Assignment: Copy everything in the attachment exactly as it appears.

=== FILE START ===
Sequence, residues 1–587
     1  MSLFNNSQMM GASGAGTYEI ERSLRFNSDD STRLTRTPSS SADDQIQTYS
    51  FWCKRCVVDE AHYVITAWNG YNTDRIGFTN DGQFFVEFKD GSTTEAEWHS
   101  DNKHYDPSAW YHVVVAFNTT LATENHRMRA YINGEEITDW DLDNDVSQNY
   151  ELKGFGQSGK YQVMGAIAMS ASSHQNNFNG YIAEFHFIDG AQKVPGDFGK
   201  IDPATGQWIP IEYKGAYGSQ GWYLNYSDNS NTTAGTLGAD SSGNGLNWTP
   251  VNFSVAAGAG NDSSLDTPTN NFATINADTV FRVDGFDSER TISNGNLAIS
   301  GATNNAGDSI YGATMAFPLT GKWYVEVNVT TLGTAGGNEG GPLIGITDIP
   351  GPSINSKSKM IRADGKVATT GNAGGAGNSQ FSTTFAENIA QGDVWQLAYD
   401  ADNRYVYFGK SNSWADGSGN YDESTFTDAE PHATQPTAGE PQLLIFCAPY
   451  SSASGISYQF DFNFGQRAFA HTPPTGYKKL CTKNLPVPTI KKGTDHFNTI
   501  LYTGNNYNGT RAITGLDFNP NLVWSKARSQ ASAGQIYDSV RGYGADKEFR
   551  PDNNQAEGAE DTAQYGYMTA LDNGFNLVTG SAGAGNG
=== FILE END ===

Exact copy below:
Sequence, residues 1–587
     1  MSLFNNSQMM GASGAGTYEI ERSLRFNSDD STRLTRTPSS SADDQIQTYS
    51  FWCKRCVVDE AHYVITAWNG YNTDRIGFTN DGQFFVEFKD GSTTEAEWHS
   101  DNKHYDPSAW YHVVVAFNTT LATENHRMRA YINGEEITDW DLDNDVSQNY
   151  ELKGFGQSGK YQVMGAIAMS ASSHQNNFNG YIAEFHFIDG AQKVPGDFGK
   201  IDPATGQWIP IEYKGAYGSQ GWYLNYSDNS NTTAGTLGAD SSGNGLNWTP
   251  VNFSVAAGAG NDSSLDTPTN NFATINADTV FRVDGFDSER TISNGNLAIS
   301  GATNNAGDSI YGATMAFPLT GKWYVEVNVT TLGTAGGNEG GPLIGITDIP
   351  GPSINSKSKM IRADGKVATT GNAGGAGNSQ FSTTFAENIA QGDVWQLAYD
   401  ADNRYVYFGK SNSWADGSGN YDESTFTDAE PHATQPTAGE PQLLIFCAPY
   451  SSASGISYQF DFNFGQRAFA HTPPTGYKKL CTKNLPVPTI KKGTDHFNTI
   501  LYTGNNYNGT RAITGLDFNP NLVWSKARSQ ASAGQIYDSV RGYGADKEFR
   551  PDNNQAEGAE DTAQYGYMTA LDNGFNLVTG SAGAGNG